2,233 posts

Sounds like you did a wonderful job on those pegs!  🙌🏼




--
Site Owner

Those irritated by grain of sand best avoid beach.
-Strumelia proverb c.1990
John C. Knopf
John C. Knopf
@john-c-knopf
one month ago
382 posts

That's wonderful news, Curt!  These things don't always turn out so well.  That's a good job of peg-fitting.

Curt DeBaun
Curt DeBaun
@curt-debaun
one month ago
5 posts

Hello,

I have installed new rosewood pegs on my Sunhearth (photo attached), tuned it up and WOW!  Now I know why Sunhearth dulcimers have such a good reputation.  The sound is great!

While doing some research on the internet about Sunhearth dulcimers, I ran into some information, and a photo (attached) that has made me wonder about the originality of the tuners that I took off.  While I think that most of us would agree that the rosewood pegs look great, I have found some information, mostly on this forum, that has surprised me.

There was a story about Walter Martin and his dulcimers in DPN Vol 15, #3 (July/September 1989).  It was mentioned that he used either gold-plated Schaller or Grover machine pegs OR Rosewood friction pegs.  And there is a photo that was taken of some dulcimers hanging in his shop that was posted by Leo Kretzner on this forum previously.

So....  The tuners may of been original.  I kept them and can always put them back on, but I do like the rosewood pegs, and since the dulcimer does not have a 6.5 fret, I will probably just leave it in Ionian.

BTW, I bought a good peg shaver, and a set of Rosewood Viola pegs on eBay (Dwain, thanks for the information about the pegs).  They were easy to install myself.  I think Mr. Martin would be pleased with the result.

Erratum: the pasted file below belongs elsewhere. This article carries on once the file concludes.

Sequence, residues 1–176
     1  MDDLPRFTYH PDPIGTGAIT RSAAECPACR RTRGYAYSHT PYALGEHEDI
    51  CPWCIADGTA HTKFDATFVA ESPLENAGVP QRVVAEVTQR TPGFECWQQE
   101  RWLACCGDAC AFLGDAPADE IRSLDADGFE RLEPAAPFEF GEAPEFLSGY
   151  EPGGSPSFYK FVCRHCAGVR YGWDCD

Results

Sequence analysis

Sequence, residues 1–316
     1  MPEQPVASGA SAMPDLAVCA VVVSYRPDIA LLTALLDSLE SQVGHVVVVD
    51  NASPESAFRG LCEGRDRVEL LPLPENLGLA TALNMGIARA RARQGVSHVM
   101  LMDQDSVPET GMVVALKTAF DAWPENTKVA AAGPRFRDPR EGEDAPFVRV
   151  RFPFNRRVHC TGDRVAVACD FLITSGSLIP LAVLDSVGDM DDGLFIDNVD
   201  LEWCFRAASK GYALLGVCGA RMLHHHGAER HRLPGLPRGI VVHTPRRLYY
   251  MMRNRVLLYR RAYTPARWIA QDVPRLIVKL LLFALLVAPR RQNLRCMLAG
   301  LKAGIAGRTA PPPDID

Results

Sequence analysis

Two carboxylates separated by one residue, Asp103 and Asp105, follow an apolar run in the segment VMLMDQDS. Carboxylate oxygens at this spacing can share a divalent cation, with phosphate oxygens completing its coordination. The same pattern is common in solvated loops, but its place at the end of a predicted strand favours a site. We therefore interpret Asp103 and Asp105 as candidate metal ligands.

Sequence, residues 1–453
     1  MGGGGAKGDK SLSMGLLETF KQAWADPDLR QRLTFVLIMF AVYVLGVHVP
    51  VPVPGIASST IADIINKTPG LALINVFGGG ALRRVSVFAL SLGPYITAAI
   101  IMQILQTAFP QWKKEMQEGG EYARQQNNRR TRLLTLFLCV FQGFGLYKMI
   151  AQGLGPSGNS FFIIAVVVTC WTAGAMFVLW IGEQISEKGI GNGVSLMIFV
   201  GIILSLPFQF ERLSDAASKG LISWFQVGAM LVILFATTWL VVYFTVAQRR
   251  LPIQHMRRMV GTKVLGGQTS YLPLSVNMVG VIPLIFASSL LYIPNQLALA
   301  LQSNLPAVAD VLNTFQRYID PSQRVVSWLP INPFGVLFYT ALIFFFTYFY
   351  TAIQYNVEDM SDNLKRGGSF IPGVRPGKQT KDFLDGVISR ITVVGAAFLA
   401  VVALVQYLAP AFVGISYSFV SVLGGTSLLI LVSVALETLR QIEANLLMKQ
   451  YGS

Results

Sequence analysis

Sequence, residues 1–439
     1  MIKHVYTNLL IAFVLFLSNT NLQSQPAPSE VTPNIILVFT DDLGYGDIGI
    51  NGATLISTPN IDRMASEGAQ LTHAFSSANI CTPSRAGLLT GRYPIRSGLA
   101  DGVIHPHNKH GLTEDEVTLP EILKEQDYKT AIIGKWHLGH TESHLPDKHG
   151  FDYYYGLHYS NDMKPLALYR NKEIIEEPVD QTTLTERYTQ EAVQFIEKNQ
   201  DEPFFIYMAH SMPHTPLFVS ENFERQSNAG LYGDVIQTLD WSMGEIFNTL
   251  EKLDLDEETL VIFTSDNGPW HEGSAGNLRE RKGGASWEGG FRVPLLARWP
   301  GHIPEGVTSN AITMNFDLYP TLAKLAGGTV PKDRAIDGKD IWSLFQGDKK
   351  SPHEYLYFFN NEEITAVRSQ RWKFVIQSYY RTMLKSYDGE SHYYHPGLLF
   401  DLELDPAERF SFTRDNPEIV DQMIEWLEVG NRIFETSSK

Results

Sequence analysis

Curt DeBaun III

shanonmilan
@shanonmilan
2 months ago
52 posts

Ken Longfield:

I built my first three dulcimers under the tutelage of a violin maker, so I had good instruction on fitting pegs. While I can describe the process, watching it is probably better. There are some good videos on YouTube that deal with peg fitting. Anyone can check them out if they want to the job. For me the process was watch one, do one with my teacher watching over the process, and do another on my own.  Of course, like any task it gets easier with practice. You develop a feel for your tools and the process. It would have been easier for Curt if the original owner kept the original pegs. 

Ken

"The dulcimer sings a sweet song."

 

Peg fitting is indeed a delicate process, and your journey from watching to doing resonates with my own learning on the violin.

OverDrive
OverDrive
@overdrive
2 months ago
2 posts

My dulcimer hung on the wall for years and years because of how frustrated I would get with those "dreaded" friction banjo tuners.  I committed to replacing them with a set of 5-star planetary tuners as a present to myself last Christmas. They were spendy, and took some modification to install, but what a joy it is to be able to finally play and try different tunings. I don't miss the money at all!

Ken Longfield
Ken Longfield
@ken-longfield
2 months ago
1,063 posts

I built my first three dulcimers under the tutelage of a violin maker, so I had good instruction on fitting pegs. While I can describe the process, watching it is probably better. There are some good videos on YouTube that deal with peg fitting. Anyone can check them out if they want to the job. For me the process was watch one, do one with my teacher watching over the process, and do another on my own.  Of course, like any task it gets easier with practice. You develop a feel for your tools and the process. It would have been easier for Curt if the original owner kept the original pegs. 

Ken

"The dulcimer sings a sweet song."

Dwain Wilder
Dwain Wilder
@dwain-wilder
2 months ago
49 posts

Ken Longfield:

Curt, you can buy the pegs and install them yourself. Bear in mind that the pegs are tapered and the hole into which they go must be tapered as well. A viola size hole reamer is the tool you will need to do this. Also, if the holes were enlarged for the banjo tuners, they will need to be plugged, drilled, and reamed. It depends upon how much time and money you want to spend. Pegs are inexpensive, reamers are not although since you are only doing this one job you can probably get away with an inexpensive one.